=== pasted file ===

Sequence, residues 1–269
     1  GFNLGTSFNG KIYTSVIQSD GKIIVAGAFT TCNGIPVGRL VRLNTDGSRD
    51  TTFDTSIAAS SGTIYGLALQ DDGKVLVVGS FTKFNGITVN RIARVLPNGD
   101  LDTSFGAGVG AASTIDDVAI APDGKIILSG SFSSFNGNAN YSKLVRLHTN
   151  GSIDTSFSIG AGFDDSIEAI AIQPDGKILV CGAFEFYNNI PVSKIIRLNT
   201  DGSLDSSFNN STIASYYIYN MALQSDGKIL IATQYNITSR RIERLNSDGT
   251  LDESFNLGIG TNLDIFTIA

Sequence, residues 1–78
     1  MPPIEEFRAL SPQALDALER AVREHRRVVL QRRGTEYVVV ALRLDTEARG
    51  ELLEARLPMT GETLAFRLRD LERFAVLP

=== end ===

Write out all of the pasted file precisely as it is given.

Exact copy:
Sequence, residues 1–269
     1  GFNLGTSFNG KIYTSVIQSD GKIIVAGAFT TCNGIPVGRL VRLNTDGSRD
    51  TTFDTSIAAS SGTIYGLALQ DDGKVLVVGS FTKFNGITVN RIARVLPNGD
   101  LDTSFGAGVG AASTIDDVAI APDGKIILSG SFSSFNGNAN YSKLVRLHTN
   151  GSIDTSFSIG AGFDDSIEAI AIQPDGKILV CGAFEFYNNI PVSKIIRLNT
   201  DGSLDSSFNN STIASYYIYN MALQSDGKIL IATQYNITSR RIERLNSDGT
   251  LDESFNLGIG TNLDIFTIA

Sequence, residues 1–78
     1  MPPIEEFRAL SPQALDALER AVREHRRVVL QRRGTEYVVV ALRLDTEARG
    51  ELLEARLPMT GETLAFRLRD LERFAVLP